Big Tech and Competition Law: the concerns and next step
Feb 14, 2021
An abundance of literature indicates that big tech companies (largely, Apple, Amazon, Facebook, and Google) pose a significant antitrust threat that the current tools employed, under various antitrust legislation, fall short of addressing.
This short piece aims to understand, from a layperson’s perspective, the size, power, and tools employed by big tech companies, the potential ‘threats’ they pose to antitrust laws and notes that there must be a greater insight into their functioning, before traditional tools of antitrust law may be employed.
The market cap of Apple, Amazon, Facebook, Google, and Microsoft combined reached USD 6.8 trillion in 2020. Big tech companies have a wide array of entities within their umbrella that intersect across various segments. For instance, Facebook includes Instagram, WhatsApp, Oculus VR, LiveRail, and Threadsy, to name a few. Google includes its search engine, browser, map services, YouTube, Fitbit and has made another (approximately) 240 acquisitions to date. As such, a regular smartphone user may have at least 2 or more applications from the same provider installed, which enables that provider to collect and assimilate data across these various platforms, which may then be sold for revenue.
The broad threats posed by these companies include:
Threats to privacy: Big tech companies track, store, and sell individualized data. This enables advertising platforms to conduct ‘targeted advertising’. The question is: to what extent is this permissible? This has become a greater concern, especially in light of WhatsApp’s recent policy changes. The ongoing debate regarding data collection and earning revenue from that data is based on whether or not it may be ethical to consider a human being your ‘product’;
2. Killer acquisitions: These companies acquire smaller platforms/apps/start-ups with the intent of nipping potential competition in the bud. There were significant concerns when Facebook acquired Instagram for USD 1 billion, whose net worth today is USD 100 billion. Similar concerns arise with respect to startups such as Turi Inc., which was helping almost 100 customers in creating and managing software that uses machine learning, a powerful type of artificial intelligence. Its technology was so promising that Apple snapped it up for USD 200 million. These deals usually escape the scanner of antitrust agencies, given that the current merger review procedure only investigates deals that exceed a certain financial threshold. Most of these startups/smaller entities are valued at a figure lesser than the thresholds. Therefore, the debate surrounding these acquisitions revolves around modifying the merger review threshold to include such acquisitions as well. In India, the Competition Law Review Committee has proposed a modification to the current legislation in relation to this aspect as well.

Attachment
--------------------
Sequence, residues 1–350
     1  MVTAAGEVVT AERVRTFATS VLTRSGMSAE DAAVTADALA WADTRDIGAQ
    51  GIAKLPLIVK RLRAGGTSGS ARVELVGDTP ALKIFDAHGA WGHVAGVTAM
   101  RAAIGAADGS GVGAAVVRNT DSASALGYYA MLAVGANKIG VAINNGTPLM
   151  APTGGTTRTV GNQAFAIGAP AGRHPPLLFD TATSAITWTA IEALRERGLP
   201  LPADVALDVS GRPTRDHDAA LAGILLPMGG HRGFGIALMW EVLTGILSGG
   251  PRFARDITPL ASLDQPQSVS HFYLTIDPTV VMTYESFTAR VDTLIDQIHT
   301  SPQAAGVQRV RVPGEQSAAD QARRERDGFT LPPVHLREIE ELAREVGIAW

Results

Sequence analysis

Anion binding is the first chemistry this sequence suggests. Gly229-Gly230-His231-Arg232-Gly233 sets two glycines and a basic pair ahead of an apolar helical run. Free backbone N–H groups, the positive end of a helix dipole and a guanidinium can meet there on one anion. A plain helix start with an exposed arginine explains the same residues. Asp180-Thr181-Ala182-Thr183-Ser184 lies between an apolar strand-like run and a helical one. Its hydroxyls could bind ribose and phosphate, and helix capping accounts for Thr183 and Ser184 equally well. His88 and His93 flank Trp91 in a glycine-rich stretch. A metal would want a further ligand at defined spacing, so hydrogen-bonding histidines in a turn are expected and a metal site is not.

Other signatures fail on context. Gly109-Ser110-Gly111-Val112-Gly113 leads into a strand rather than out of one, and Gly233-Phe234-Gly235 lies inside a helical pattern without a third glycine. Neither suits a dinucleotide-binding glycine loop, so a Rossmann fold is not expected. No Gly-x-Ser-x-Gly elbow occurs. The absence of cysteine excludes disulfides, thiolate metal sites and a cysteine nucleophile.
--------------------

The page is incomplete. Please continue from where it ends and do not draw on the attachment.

3. Data vault creating a barrier to entry: Big tech companies gain their power through the enormous vault of data at their disposal. Given that their platforms run on the basis of network effects, their growth is contingent on providing services such that individuals attract other individuals to join the platform. For example, if five friends join Facebook, this may attract another five friends from the same group to join, and so on. Given this effect, Facebook has access to the locations, preferences, data, and activity logs of billions of individuals. It uses this data to better its own products and services and also has the ability to sell this data as a commodity and earn revenue through it. This data vault makes companies such as Facebook extremely powerful and also creates an indirect barrier to entry for any new player who may not be able to gain the same status without that data and network effects. As such, there may be a greater dependency on these platforms, going forward.
Given the above, the current issue surrounding these companies and the present antitrust regime is that the existing tools of competition law are insufficient and inadequate to regulate the conduct of these entities. Here is a broad overview of the arguments posed: